Following on from yesterday’s post about Anita Brookner who began her career as a novelist at 53, today I’m looking at another late debut writer; Elspeth Barker wrote this gothic novella at the age of 51. It concerns a teenager though: 16-year-old Janet has been found dead at the bottom of the stairs, dressed in her mother’s black lace evening dress, mourned only by her pet jackdaw who then kills itself, and her siblings. The novella then goes back in time over Janet’s life, but this is less a murder mystery and more of a character study.
Janet is an awkward child. She gets angry. She’s socially ill at ease. She has frizzy, unmanageable hair. She gets car sick. She irritates her parents. She reads a lot and is more clever than her classmates ,which causes distance. She is miserable and life is unfair. Her family don’t fit in where they are.
“Anger and outrage welled within her: she would speak the truth. ‘It was because of the witch. I wanted them to see if the witch was there,’ she wailed. ‘Don’t talk such nonsense; you know as well as I do that witches are only in fairy stories; and you read too many of those if you’d like my opinion.’ The mothers exchanged satisfied glances: they all thought Vera went too far in her choice of children’s reading; and she smoked cigarettes and wore slacks.”
Soon, however, they inherit an ancient, crumbling pile in the far north of Scotland, and Janet loves it:
“Auchnasaugh, the field of sighing, took its name from the winds which lamented around it almost all the year, sometimes moaning softly, filtered through swathes of pine groves, more often malign, shrieking over battlements and booming down the chimneys”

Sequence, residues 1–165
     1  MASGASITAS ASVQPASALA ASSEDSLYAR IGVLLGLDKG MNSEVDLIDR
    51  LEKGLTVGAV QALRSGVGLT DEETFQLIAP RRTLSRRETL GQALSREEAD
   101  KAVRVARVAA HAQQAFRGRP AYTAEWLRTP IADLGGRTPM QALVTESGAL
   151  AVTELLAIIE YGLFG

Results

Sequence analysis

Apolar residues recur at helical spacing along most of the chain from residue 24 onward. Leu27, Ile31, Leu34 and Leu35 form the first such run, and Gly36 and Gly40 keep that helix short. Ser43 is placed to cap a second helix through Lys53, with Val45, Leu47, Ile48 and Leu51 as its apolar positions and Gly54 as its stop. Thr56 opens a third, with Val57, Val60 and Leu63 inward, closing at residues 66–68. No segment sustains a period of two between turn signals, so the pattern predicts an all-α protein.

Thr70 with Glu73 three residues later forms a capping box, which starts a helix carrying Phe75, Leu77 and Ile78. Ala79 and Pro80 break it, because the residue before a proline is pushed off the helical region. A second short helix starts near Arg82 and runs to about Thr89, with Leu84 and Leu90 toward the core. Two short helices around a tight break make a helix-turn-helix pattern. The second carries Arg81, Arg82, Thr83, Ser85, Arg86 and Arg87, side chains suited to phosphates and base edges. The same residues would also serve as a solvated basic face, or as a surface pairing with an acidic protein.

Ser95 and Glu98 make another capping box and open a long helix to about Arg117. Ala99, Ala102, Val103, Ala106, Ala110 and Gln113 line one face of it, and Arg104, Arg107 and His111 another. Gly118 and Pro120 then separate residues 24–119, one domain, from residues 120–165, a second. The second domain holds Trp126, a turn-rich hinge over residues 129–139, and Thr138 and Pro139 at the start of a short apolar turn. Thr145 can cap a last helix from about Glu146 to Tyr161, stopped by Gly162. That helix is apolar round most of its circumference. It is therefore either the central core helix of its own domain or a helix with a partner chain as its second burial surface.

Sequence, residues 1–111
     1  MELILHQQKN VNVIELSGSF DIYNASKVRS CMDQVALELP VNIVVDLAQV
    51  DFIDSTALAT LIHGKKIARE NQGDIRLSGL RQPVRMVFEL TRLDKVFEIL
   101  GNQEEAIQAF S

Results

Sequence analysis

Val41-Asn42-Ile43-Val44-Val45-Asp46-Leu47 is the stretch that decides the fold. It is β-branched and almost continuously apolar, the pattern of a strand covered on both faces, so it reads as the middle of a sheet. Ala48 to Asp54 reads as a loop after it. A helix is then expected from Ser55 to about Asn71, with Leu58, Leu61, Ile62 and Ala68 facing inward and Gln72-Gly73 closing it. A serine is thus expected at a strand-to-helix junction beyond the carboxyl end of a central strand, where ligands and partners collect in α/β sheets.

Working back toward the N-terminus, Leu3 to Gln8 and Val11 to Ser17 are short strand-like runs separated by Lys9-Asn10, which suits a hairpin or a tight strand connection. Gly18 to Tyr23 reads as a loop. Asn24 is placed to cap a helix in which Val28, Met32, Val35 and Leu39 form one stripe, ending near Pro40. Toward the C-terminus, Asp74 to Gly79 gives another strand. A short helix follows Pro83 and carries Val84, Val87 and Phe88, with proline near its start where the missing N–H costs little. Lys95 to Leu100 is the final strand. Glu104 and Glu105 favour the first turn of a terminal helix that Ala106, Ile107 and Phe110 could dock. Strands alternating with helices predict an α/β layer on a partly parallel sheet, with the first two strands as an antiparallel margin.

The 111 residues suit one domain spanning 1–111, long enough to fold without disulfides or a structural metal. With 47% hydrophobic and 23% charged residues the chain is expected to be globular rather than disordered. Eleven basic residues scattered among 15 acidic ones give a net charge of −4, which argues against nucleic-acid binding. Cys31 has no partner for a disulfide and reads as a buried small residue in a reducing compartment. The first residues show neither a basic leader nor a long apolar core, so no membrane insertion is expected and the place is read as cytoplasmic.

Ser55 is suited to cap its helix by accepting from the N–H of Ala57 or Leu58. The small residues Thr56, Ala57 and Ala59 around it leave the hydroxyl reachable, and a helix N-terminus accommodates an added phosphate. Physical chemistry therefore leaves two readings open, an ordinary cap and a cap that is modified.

“She had no fear of its lofty shadowed rooms, its dim stone passages, its turrets and towers and dank subterranean chambers, dripping with Verdigris and haven to rats.”
It also has her eccentric aunt Lila, who wafts around dressed in black collecting fungi and incurring the wrath of Janet’s mother Vera; Jim, a taciturn odd-job man skulks around the place.
“It was a rigorous life, but for Janet it was softened by the landscape, by reading, and by animals whom she found it possible to love without qualification. People seemed to her flawed and cruel.”
So although Janet finds solace, she is still an outsider. Very much a loner and isolated at her boarding school. We follow her through the years and what emerges is a young life of a deeply awkward, lonely girl.
“What use was it to be racked by pain for animals and the general woes of the world when she was unmoved by the sorrows of people she knew?”
O Caledonia is thoroughly gothic so you need a pretty strong stomach at times – something I don’t have, particularly around animals. But it’s superbly written, startling and atmospheric.
Overall, I was left with a feeling of sadness. Janet has a lonely life and then before she’s had a chance to carve out anything better for herself, she is killed. O Caledonia really gets under your skin.